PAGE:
Ah, famous dynasties. Where to begin? Our culture (especially the popular aspect of it) is saturated by the idea of a family name and what that name and pedigree instills, contains and even represents. Some dynasties in Hollywood are good (the Coppolas, for instance), some are tarnished with some whack jobs (the Baldwins, we’ll say) and some are so irrelevant and terrible, it hurts to even think about them (Joe Simpson, we’re looking at you!). But few are as eccentric and eclectic as the Voights.
With a roster that includes a fraternal trio of a scientist, an actor and a country songwriter and a second generation that includes uber-star Angelina Jolie, the Voights are one of the most interesting of the Hollywood dynasties. The country songwriter, James Wesley Voight, records under the pseudonym Chip Taylor and, with his latest album, has recorded something more revealing, personal and intimate than anything VH1 or E! could ever assemble.
Accumulated with a collage of family photos, black-and-white still photos and inserts providing backing information, Yonkers NY is equally heartbreaking, enlightening and sympathetic. The album is work of an individual reflecting back on life with a sigh, a smile, a tear and a raised fist. The closest thing the album resembles in recent pop culture memory is the video Johnny Cash released for “Hurt” a few years back. If the album never reaches the zenith of the mentioned video, it has more to do with Cash’s iconic placement in history than a lack on Voight’s songwriting.
And Voight’s songwriting has never been sharper. He writes in the same autobiographical and vernacular-based spirit as Dolly Parton, with a lore for the rowdy and dangerous that recalls vintage Hank Williams. Throughout the album, several key details of cornerstone moments in the singer’s family’s life are revealed with devastating attention to detail. Voight sings them with a leathered and worn plainspoken vocal style that perfectly complements the narratives he’s composed.
On the terrific opening number, “Barry Go On”, the singer reflects the fictitious stories his father used to tell him and his brothers. As oppose to resorting to simplifying the story, or worse, turning it into a laundry list of pointless one-liners, Voight builds the naivety of he and his brothers and turns it into ambition and admiration for their father. That same sense of ambition and admiration runs throughout the rest of the album and lends a nice sense of coherence to the album.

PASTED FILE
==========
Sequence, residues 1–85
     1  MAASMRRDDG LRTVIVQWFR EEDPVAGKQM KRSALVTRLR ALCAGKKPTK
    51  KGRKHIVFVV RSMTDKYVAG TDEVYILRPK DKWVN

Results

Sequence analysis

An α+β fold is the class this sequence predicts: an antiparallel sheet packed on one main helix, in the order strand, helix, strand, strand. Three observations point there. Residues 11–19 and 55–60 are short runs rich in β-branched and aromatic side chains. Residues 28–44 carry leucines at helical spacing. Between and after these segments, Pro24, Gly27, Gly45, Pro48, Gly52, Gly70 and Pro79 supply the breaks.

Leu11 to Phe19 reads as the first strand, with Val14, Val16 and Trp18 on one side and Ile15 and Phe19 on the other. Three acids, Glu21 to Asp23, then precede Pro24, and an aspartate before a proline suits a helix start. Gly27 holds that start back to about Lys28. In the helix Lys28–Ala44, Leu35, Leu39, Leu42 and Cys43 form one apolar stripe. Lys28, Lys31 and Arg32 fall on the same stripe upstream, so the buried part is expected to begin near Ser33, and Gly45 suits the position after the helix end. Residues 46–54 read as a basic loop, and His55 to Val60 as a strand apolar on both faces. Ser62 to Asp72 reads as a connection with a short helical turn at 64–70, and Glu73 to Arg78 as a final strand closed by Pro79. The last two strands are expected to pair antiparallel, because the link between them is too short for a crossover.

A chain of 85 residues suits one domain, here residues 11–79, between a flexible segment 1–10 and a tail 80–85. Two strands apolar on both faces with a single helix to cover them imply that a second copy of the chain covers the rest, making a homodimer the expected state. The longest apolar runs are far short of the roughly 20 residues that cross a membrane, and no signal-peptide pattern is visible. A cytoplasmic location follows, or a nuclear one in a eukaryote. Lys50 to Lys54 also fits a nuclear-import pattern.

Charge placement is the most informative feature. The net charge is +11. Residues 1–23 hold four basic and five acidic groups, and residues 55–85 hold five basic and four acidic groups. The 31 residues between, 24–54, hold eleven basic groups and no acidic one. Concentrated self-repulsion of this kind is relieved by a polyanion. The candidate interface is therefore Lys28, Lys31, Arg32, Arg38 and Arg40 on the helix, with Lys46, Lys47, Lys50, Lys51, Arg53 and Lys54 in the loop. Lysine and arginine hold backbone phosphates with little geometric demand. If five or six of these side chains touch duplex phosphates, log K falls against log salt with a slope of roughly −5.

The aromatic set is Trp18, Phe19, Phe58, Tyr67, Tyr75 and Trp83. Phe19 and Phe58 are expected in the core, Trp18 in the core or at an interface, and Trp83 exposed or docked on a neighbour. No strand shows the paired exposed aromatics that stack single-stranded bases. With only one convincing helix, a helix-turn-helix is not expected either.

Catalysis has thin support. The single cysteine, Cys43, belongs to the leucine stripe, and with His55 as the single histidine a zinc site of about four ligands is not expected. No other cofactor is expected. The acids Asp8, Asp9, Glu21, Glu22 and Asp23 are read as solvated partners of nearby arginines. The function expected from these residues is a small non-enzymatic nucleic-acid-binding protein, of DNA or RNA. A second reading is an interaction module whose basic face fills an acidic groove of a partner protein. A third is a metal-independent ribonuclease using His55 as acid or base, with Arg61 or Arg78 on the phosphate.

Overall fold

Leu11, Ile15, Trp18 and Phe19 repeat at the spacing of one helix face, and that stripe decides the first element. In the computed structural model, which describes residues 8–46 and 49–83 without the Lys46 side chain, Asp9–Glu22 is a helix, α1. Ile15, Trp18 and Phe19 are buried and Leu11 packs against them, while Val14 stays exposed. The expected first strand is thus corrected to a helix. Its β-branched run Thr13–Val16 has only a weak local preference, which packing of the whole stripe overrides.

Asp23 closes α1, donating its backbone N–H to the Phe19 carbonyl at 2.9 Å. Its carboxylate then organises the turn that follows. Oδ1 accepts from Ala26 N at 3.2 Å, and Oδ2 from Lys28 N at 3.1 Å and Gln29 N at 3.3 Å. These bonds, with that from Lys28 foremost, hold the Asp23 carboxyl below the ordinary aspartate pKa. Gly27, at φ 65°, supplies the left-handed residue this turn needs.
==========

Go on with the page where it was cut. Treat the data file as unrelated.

There’s a real juxtaposition of the singer’s feelings towards his family and his personal dreams, but Voight manages to highlight how the two are both different and similar. “Bastard Brothers” embodies this mindset better than anything else of the album. The story is hilarious, heartfelt and heartbreaking with specifics on seemingly trivial but essential moments in the singer’s life, including receiving a ukulele for Christmas. The narrative progresses from the protagonist’s brothers blockading his chance at fame to the singer signing a contract on a black record label. The fascination with black music and culture appears again on “Saw Mill River Road”, which opens with the lines, “Way down in Macon they was singin’ the blues / back home in Yonkers we had nothing to choose / no country / no race records / just some old white stuff / For some of us boys / it just wasn’t good enough”. The rockabilly guitar burn of “Hey Johnny” features the couplet, “Crazy man crazy / ain’t no white boy music / nothing gonna stop it now”.
The songs are perfectly complemented by the retro-leaning Country production that comes courtesy of the singer himself. The horse-gambling tale of “Without Horses” is boosted by a subtle dobro wash. “No Dice” turns into a slow-burning bar number. “Yonker Girls” is surprising sonically hedonistic for Voight’s vocals while the closing title track raises and falls where the stanzas demand it. Voight smartly chose a production style that never draws too much attention to itself, leaving the focus on the songs themselves. The same could be said about his singing. Rarely does he try to sing outside his limited range, a move that bears wonderful results.
Call it his “Coat of Many Colors” if you want, but whatever you call it, there’s nothing ambiguous about it. Voight lays all the cards down on the table, throws in his chips and doesn’t ask you to like him. He doesn’t even ask you to listen, but writes so profoundly you can’t help but be drawn to it, even if at times listening feels like intrusion. Honest, poignant, humorous and authentic, Yonkers NY leaves little questions left. It almost makes you wonder what would happen if Angelia ever decided to plug in and confess.